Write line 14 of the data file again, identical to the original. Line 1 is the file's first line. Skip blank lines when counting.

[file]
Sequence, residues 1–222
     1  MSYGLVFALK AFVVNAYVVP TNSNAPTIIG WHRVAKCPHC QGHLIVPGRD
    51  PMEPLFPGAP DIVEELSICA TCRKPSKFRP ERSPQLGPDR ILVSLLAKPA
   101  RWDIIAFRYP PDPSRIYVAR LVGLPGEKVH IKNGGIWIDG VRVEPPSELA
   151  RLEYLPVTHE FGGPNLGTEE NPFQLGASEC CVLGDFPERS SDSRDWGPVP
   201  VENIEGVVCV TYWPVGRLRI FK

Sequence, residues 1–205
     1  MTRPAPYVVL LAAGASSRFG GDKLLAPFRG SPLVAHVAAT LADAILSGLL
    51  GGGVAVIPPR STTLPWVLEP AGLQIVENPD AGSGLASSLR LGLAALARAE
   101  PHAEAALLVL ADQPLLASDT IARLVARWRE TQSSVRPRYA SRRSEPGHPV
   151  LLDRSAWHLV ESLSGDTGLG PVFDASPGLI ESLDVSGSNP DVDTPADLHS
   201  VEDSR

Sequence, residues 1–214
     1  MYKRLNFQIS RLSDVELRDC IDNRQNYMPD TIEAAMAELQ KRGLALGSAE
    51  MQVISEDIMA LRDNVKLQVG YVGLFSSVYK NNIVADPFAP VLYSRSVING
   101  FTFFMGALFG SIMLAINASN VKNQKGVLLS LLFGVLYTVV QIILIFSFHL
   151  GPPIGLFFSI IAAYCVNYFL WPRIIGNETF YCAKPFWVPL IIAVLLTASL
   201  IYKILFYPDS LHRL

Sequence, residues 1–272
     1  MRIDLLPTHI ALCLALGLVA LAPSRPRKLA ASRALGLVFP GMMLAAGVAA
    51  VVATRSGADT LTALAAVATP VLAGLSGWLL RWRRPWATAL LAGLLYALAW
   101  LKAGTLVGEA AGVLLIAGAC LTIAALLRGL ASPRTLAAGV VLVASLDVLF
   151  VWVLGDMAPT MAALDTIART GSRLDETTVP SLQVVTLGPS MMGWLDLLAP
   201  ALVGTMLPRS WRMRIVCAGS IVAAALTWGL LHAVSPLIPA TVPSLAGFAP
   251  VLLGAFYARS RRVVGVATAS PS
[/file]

     1  MYKRLNFQIS RLSDVELRDC IDNRQNYMPD TIEAAMAELQ KRGLALGSAE